clock menu more-arrow no yes mobile

Filed under:

What it’s like to raise money when you’re Gwyneth Paltrow

People want selfies. They don’t usually want to give you money.

Gwyneth Paltrow onstage at a tech conference.
Gwyneth Paltrow
Phillip Faraone/Getty Images for the Wall Street Journal and WSJ Magazine

It’s not uncommon for Silicon Valley investors to get a money pitch from a celebrity who moonlights as an entrepreneur: Jessica Alba founded the Honest Company. Brooklyn Decker in recent months has been meeting with venture capitalists on her startup, Finery.

And Gwyneth Paltrow has pitched investors on Goop, the easy-to-criticize media and commerce company she launched from her kitchen.

So, what’s it like to be pitched by Gwyneth Paltrow? Let’s ask Gwyneth Paltrow.

“It’s great to be Gwyneth Paltrow when you’re raising money, because I think people take the meeting,” she said to an audience of venture capitalists and CEOs at the Upfront Summit in Los Angeles on Thursday. “But it’s bad because then you get a lot more rejections than you would’ve if they didn’t want to take the selfie.”

Paltrow might have been talking about her unique stature as a celebrity, but she’s speaking to a real problem in the Valley: Investors can waste a lot of founders’ time with niceties and we’ll-get-back-to-yous. From the perch of investors, though, they’re merely studying a market and keeping the industry’s best CEOs close — and yes, sometimes celebrity CEOs — in case they turn out to be behind the next big thing.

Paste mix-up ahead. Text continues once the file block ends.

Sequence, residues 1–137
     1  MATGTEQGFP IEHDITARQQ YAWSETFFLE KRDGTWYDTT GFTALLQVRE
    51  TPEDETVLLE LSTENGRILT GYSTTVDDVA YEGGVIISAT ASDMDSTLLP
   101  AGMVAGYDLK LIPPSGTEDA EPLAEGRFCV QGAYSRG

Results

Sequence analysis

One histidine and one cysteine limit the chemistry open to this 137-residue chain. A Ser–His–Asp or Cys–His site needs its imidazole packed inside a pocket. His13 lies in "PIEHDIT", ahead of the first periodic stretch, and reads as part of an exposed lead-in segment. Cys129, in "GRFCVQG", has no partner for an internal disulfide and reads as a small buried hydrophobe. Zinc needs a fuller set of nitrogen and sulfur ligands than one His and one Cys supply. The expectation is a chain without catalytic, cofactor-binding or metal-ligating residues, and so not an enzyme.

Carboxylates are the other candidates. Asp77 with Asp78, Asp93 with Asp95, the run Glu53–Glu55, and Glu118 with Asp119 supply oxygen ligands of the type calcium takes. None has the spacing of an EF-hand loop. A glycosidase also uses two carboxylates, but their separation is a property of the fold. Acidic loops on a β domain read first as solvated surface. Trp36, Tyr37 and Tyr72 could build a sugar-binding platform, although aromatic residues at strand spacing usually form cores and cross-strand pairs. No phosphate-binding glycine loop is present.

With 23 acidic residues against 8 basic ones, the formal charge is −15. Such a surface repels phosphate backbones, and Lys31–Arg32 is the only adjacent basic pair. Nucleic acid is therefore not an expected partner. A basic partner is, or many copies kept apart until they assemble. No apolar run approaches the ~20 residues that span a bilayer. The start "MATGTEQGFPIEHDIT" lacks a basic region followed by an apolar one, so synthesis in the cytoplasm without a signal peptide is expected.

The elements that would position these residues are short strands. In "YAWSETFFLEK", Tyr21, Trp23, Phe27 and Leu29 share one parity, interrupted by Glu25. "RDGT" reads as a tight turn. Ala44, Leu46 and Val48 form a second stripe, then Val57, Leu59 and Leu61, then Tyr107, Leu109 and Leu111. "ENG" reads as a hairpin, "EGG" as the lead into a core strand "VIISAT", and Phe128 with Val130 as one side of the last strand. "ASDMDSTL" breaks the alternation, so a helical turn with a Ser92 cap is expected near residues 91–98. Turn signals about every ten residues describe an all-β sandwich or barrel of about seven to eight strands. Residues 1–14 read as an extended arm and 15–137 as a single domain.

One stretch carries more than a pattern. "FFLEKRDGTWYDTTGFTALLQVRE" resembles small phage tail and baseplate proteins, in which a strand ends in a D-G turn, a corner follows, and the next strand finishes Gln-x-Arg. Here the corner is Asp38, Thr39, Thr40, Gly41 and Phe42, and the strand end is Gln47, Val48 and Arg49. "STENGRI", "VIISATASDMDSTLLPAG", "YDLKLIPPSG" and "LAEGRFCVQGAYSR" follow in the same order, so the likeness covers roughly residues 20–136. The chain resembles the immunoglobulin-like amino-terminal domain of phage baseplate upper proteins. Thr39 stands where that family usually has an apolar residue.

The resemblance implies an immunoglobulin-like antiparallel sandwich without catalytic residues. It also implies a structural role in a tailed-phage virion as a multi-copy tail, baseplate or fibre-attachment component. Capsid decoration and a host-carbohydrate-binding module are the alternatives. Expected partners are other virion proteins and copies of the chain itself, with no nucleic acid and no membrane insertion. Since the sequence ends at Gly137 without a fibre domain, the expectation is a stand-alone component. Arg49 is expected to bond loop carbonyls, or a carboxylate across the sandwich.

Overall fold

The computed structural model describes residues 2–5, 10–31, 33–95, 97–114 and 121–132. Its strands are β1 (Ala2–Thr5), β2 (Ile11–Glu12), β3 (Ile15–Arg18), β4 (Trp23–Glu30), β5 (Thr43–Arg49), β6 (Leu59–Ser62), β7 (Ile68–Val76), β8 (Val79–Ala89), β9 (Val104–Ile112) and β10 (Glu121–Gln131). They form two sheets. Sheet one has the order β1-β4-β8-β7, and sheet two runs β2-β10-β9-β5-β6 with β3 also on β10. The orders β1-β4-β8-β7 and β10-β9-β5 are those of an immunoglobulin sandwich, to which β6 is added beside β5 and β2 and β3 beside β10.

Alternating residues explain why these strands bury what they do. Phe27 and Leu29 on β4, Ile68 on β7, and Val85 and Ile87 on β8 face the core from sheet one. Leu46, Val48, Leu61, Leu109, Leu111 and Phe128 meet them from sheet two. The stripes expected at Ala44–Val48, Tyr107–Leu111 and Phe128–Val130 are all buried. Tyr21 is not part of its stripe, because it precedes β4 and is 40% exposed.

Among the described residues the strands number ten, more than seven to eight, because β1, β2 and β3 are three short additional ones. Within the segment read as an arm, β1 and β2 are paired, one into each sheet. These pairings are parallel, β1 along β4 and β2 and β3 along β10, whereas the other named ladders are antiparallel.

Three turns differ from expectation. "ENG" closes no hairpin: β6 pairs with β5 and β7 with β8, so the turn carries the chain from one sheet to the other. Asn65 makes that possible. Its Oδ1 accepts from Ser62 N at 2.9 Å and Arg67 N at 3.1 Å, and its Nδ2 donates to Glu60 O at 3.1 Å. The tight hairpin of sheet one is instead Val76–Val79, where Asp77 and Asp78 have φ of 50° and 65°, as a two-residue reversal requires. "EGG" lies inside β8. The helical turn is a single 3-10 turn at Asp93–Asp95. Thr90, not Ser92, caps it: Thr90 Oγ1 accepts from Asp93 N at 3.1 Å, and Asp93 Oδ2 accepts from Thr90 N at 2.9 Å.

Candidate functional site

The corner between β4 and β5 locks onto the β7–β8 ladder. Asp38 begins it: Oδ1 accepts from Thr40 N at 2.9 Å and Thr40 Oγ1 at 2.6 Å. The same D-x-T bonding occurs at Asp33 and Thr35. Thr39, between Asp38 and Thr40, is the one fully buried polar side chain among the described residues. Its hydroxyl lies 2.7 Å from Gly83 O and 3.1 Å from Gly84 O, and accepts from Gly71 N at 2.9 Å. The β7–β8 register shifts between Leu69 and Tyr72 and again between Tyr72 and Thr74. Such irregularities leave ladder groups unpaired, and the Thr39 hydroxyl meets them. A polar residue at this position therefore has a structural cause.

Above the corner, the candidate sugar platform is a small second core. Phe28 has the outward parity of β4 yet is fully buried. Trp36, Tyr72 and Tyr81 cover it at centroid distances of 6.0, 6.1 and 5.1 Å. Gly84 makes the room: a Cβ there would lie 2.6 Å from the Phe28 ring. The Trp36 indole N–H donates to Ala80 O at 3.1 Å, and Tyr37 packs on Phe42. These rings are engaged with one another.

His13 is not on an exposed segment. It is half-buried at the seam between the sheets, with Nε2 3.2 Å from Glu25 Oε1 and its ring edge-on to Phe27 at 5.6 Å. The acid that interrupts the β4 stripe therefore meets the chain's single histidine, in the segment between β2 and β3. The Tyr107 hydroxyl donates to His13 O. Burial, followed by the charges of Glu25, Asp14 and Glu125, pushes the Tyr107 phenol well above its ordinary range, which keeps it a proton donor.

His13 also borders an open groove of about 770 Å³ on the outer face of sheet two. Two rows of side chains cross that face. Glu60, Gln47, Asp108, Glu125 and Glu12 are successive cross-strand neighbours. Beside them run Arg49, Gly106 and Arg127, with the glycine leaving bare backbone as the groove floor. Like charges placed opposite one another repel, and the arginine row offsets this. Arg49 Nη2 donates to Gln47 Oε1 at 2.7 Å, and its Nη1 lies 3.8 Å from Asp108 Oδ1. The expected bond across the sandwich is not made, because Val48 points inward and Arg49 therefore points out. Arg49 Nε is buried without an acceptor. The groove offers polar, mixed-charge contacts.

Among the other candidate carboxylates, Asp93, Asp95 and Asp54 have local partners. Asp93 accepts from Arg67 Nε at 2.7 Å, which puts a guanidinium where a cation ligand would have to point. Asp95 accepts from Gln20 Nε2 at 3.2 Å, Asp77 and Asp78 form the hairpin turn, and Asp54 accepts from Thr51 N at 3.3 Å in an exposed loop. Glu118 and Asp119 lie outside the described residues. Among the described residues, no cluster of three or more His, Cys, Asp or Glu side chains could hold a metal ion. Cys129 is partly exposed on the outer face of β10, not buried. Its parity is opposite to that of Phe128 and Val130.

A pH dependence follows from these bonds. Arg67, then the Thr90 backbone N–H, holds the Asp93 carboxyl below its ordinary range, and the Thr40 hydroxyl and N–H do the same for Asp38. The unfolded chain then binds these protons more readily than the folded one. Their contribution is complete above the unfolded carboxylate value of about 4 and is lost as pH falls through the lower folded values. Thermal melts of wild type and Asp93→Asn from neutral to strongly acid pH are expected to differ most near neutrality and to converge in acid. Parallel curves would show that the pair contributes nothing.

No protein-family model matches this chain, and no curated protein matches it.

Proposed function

So it’s not a ridiculous issue that Paltrow is addressing. Silicon Valley investors try hard to manage connections and information, even if that means startups get dragged along.

Over the years, the actress has raised north of $80 million, so she got the hang of it eventually. Goop is still a punchline for some — declared “the most controversial brand in the wellness industry” recently by the New York Times — but it’s now worth $250 million and is backed by some leading Silicon Valley investors.

When Paltrow began pitching venture capitalists, she knew she had flaws and gaps in her résumé as an entrepreneur.

“Why was anybody going to give me money?” she said, to some nervous laughter from the Upfront crowd. “It’s not much easier over time.”

This article originally appeared on

Sign up for the newsletter Sign up for Vox Recommends

Get curated picks of the best Vox journalism to read, watch, and listen to every week, from our editors.